Maharashtra HSC results today: Mumbai teen fights rheumatoid arthritis, scores 61.23%

Hindustan Times | By, Mumbai
Jun 01, 2017 10:27 AM IST

Mumbai city news: Ved Ahinave wrote his exams without a writer, despite swelling and pain in his joints

Battling severe rheumatoid arthritis, a condition usually associated with the elderly, Ved Ahinave, a 17-year-old from Mumbai, scored 61.23% in the Higher Secondary Certificate (HSC) exams.

Ved was diagnosed with arthritis when he was six.(HT FILE)
Ved was diagnosed with arthritis when he was six.(HT FILE)

The results were declared at 1pm.

Ved wrote his exams without a writer, despite swelling and pain in his joints. He scored 66 marks in English and 77 marks in information technology.

“My hands and legs started to hurt because of the strain, but I took frequent breaks and completed the paper,” said the student of Swami Vivekananda International School and Junior College, Kandivli. “I am happy with my score, I I want to work in the IT sector, just like my parents. I love computers,” said Ved.

The 17-year-old’s is a rare case.

Ved was diagnosed with arthritis when he was six. The disease is common among people in their late 40s and 50s. It causes the body’s immune system to attack the joints, leading to inflammation and thickening of tissues. His condition worsened when he was in Class 10.

Constant consumption of medicines — mostly steroids and painkillers — however stunted his growth, said his mother, Seema. “He is 17, but is three feet and five inches tall,” Seema said, adding they don’t know what caused the disease.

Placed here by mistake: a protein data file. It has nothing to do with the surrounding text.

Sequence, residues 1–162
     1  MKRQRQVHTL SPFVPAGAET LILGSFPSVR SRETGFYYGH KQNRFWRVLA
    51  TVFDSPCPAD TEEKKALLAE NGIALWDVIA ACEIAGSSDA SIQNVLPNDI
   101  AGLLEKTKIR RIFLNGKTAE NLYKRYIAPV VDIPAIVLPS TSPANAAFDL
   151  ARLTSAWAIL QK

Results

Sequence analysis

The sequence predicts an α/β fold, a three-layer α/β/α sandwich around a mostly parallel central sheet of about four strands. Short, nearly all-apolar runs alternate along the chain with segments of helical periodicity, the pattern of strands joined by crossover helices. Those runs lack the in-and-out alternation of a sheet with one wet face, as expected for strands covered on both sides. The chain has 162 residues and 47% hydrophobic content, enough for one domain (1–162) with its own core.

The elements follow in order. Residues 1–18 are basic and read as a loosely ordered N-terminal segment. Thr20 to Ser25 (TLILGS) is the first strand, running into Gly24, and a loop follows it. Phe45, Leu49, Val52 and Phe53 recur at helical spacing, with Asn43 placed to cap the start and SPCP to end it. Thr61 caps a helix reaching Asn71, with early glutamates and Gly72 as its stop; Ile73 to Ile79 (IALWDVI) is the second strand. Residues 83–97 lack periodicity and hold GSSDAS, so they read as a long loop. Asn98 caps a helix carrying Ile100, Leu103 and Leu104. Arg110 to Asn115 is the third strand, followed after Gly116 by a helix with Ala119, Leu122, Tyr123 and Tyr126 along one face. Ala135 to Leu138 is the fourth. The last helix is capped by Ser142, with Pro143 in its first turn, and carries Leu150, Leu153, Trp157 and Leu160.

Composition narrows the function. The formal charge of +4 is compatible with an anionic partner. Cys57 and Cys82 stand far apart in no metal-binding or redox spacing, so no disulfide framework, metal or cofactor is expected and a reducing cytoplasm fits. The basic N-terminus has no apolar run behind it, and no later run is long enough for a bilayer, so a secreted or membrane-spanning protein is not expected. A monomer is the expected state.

“Doctors tell me it could be because of low haemoglobin levels during my pregnancy. Some say it is genetic,” said the mother.

Ved couldn’t get a writer as the board refused to acknowledge his illness. “We submitted medical certificates, including one from Sir JJ Hospital. But the board doesn’t have provisions for arthritis,” said his father Vishwas, 46, an electronics engineer. “He used to succumb to bouts of depression, but my friend kept him motivated. His teachers, especially Miss Leena, helped him a lot.”

There is no permanent cure for Ved’s disease. He is learning to live with it. “He spends his time configuring phones. We think it can be a good profession if he gets to work from home,” his mother said.


    Special correspondent with Hindustan Times, covering education for the last seven years. Always learning.

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